According to the Merriam-Webster dictionary, self-conscious is defined as “conscious of one’s own acts or states as belonging to or originating in oneself.”[1]

Not so bad, right? There’s another definition, though — one that speaks more to what you’re going through: “feeling uncomfortably conscious of oneself as an object of the observation of others.” For those of us who regularly deal with extreme self-consciousness, that second definition sounds about right.

There are many different ways self-consciousness can spring up. You may feel self-conscious around people you know, like your family members or closest friends. You may feel self-conscious at work, even though you spend hours every week around your co-workers. Or you may feel self-conscious when out in public and surrounded by strangers. However, you probably don’t feel self-conscious when you’re home alone.

How to Stop Being Too Self-Conscious

When you’re in the throes of self-consciousness, it’s nearly impossible to remember how to stop feeling that way. That’s why it’s so important to prepare ahead of time, when you’re feeling ready to tackle the problem instead of succumbing to it.

Here are a variety of ways to feel better about yourself and stop thinking about how others see you.

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1. Ask Yourself, “So What?”

One way to banish negative, self-conscious thoughts is to do just that: banish them.

The next time you walk into a room and feel your face getting red, think to yourself, “So what?” How much does it really matter if people don’t like how you look or act? What’s the worst that could happen?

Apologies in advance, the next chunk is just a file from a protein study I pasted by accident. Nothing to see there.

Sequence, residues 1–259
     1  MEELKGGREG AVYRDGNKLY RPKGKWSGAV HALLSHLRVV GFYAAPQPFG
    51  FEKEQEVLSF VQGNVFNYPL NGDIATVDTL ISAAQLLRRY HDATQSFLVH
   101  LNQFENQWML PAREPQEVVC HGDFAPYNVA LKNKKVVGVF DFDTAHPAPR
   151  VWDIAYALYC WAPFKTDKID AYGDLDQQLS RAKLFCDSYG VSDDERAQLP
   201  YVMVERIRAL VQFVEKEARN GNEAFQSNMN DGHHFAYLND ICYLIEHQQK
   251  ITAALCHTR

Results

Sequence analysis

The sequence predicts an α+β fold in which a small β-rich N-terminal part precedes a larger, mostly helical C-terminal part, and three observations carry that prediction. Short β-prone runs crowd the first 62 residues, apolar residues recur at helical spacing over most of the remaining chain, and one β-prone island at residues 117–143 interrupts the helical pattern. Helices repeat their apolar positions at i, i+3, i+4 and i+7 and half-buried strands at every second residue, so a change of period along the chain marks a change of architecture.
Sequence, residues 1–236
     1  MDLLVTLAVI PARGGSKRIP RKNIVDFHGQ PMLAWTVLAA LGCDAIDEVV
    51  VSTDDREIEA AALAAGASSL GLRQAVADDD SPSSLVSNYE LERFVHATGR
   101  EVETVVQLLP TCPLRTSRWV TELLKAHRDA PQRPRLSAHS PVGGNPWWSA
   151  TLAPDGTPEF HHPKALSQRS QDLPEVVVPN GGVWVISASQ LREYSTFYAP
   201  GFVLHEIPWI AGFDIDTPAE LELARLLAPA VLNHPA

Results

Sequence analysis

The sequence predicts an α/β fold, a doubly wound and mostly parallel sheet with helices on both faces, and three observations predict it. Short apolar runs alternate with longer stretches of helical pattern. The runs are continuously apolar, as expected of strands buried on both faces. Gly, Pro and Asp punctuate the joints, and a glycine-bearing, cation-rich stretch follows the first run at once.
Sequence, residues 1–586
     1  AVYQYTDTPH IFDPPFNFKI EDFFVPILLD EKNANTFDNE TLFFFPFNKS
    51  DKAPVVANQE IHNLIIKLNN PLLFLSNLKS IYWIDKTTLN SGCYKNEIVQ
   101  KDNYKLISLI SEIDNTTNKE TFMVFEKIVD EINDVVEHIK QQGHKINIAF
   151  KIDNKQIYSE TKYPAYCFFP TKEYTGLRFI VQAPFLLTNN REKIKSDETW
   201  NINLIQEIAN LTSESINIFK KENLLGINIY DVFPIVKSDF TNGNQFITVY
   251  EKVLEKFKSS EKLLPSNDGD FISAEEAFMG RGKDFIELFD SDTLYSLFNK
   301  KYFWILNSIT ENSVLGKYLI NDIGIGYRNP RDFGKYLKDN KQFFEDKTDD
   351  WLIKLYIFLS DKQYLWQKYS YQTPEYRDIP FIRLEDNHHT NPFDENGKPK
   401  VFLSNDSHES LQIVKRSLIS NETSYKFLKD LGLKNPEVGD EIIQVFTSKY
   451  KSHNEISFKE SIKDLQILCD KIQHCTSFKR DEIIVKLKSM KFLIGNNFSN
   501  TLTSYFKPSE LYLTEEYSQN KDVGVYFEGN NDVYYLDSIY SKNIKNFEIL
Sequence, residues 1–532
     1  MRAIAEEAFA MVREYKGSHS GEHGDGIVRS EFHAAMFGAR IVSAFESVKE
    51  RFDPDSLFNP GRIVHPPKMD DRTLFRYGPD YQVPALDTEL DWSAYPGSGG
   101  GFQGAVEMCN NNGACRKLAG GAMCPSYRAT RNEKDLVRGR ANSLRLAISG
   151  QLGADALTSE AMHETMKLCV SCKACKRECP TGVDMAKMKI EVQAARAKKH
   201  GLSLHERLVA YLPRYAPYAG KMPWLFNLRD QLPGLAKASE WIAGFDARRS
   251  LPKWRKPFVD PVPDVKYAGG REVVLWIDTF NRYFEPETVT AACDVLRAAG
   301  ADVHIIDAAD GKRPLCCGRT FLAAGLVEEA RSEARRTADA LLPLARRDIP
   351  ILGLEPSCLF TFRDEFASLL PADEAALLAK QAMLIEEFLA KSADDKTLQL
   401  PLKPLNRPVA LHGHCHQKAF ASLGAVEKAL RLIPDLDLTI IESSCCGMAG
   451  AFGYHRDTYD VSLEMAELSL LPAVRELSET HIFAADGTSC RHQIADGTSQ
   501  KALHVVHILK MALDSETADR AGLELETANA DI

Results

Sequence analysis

Most of the time, you’ll find that you don’t have a good answer to this question. Then, you can immediately start assigning such thoughts less importance. With self-awareness, you can acknowledge that your negative thoughts are present and realize that you don’t agree with them.[2] They’re just thoughts, after all.

2. Be Honest

A lie that self-consciousness might tell is that there’s one way to act or feel. Honestly, though, everyone else is just figuring life out as well. There isn’t a preferred way to show up to an event, gathering, or public place. What you can do is be honest with your feelings and thoughts.[3]

If you feel offended by something someone says, you don’t have to smile to be polite or laugh to fit in with the crowd. Instead, you can politely say why you disagree or excuse yourself and find a group of people who you relate to better. If you’re nervous, don’t overcompensate by trying to look relaxed and casual — it’ll be obvious you’re putting on a front. Instead, nothing is more endearing than saying, “I’m a little nervous!” to a room of people who probably feel the exact same way.

On the same note, if you don’t understand why someone wants you to do something, question it. You can do this at work, at home, or even with people you don’t know well. Nobody should force you to do something you don’t want to do.

Also, even if you’re willing to do what’s asked of you, there’s nothing wrong with asking for more clarification. People will realize that you’re not a person to be bossed around.

3. Understand Why You’re Struggling at Work

Being self-conscious at work can get in the way of your daily responsibilities, your relationships with co-workers, and even your career as a whole. If you’re facing some sort of conflict but you’re too nervous to speak up, you may be at the whim of what happens to you instead of taking some control.